Embarking on a nontraditional career path to architecture, James Hicks speaks on his unconventional journey from Network and Media Production Manager to Architectural Project Coordinator in a recent interview.
Can you tell me about your journey coming from a technology background to your current role as an architectural project coordinator? What inspired this career shift?
I spent nearly 11 years working at a technology company, where I was involved in a wide range of activities. During my tenure there, I collaborated with developers on front-end coding, worked closely with the marketing team, engaged in graphic design and print-related tasks, and managed networks and data centers. In essence, I wore multiple hats within the company.
Towards the end of my time at the technology company, I transitioned into the creative space. This shift allowed me to become involved in motion graphics, video editing, and videography, effectively leveraging my technical skills in a creative context. It was during this phase that I had an encounter at Cosumnes River College with an old friend. He introduced me to the architecture program, which I hadn’t known existed. At the time, I was taking computer programming classes.
Inspired by my long-standing technical interests and hobbies, and the current need to find a creative outlet, I decided to make the transition to architecture. I pursued an associate degree in the field and, upon joining Nacht & Lewis, I found a perfect avenue to express my creative side while utilizing the technical skills I had acquired.
Many professionals in architecture take a traditional educational route. Could you share with us how you will acquire the necessary skills and knowledge to succeed in your new field without formal education?
Taking an untraditional route has proven to be an excellent choice for me, as it doesn’t necessitate a predefined approach. Nacht & Lewis has played a pivotal role in my architecture career, offering valuable opportunities for mentorship and professional growth, even without going to an accredited architecture program. To achieve licensure and become an architect, I have to accumulate 3,740 hours of field experience through the Architectural Experience Program (AXP). My associate degree in architecture has already provided me with a little jump start. Working at Nacht & Lewis will help facilitate my progress and enable me to fulfill the remaining requirements for my licensure. The AXP program is the same as someone who would have taken a traditional architecture route.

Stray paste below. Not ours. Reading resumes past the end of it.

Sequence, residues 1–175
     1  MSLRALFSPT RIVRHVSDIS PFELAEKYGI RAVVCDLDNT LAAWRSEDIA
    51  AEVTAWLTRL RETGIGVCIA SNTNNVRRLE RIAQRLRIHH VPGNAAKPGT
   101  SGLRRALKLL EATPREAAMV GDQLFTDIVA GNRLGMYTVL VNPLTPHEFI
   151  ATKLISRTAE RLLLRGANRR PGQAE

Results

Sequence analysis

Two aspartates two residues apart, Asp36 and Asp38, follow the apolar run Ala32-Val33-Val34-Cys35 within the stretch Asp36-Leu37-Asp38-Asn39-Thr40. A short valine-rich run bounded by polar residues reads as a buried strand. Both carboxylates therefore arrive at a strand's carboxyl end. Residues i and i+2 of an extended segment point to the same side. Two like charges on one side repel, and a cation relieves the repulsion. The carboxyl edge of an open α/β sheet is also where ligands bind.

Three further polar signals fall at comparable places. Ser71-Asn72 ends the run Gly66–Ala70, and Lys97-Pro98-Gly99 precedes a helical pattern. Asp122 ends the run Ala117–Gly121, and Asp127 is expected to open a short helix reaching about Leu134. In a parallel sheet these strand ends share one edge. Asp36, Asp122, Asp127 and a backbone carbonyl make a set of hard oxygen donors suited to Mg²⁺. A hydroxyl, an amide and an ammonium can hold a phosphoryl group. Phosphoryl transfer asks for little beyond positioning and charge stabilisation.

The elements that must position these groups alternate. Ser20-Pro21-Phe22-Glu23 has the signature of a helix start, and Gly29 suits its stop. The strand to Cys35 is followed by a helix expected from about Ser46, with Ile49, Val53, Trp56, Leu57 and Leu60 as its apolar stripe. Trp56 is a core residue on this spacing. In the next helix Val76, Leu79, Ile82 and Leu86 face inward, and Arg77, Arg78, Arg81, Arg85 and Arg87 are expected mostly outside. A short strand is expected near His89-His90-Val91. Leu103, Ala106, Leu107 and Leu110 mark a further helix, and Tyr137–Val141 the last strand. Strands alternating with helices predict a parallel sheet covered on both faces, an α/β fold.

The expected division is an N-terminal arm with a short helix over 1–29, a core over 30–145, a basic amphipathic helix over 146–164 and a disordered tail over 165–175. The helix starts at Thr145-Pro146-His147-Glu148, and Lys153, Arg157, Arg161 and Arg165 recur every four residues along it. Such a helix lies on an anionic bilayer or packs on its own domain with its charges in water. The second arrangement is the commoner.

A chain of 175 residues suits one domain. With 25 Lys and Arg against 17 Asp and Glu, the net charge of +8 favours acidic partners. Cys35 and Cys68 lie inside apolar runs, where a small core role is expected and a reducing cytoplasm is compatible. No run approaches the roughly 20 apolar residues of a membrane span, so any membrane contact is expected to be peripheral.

In a field where collaboration and communication are crucial, how do you leverage your background in technology to enhance teamwork and communication within projects?
Online applications such as TeamWork, Asana, and Trello have significantly contributed to effective project management. In terms of practice management, I collaborate closely with NDA, a professional IT services provider. Leveraging my IT background, I engage with NDA on an equal footing of knowledge, allowing us to discuss our system and network functions in alignment with our specific requirements. However, my most valuable asset is the wealth of knowledge I have acquired in the field, particularly in networks, servers, and systems. This knowledge equips me to address questions related to design applications like Revit or AutoCAD, and my extensive experience enables me to troubleshoot issues on the fly.
Many aspiring architects may be considering nontraditional paths into the field. What advice would you give to individuals who are interested in pursuing a similar career transition?
Just do it. I recommend pursuing opportunities within a medium-sized firm and seek a position that allows you to expand your skill set and knowledge. Working at a company like Nacht & Lewis, known for its lean team structure has an advantage that allows individuals involved in the initial stages of a project to remain engaged throughout its entire lifecycle. This continuous involvement provides invaluable exposure to various processes for junior-level employees who are in the early stages of their careers. It allows them to identify their strengths and focus on areas where they excel.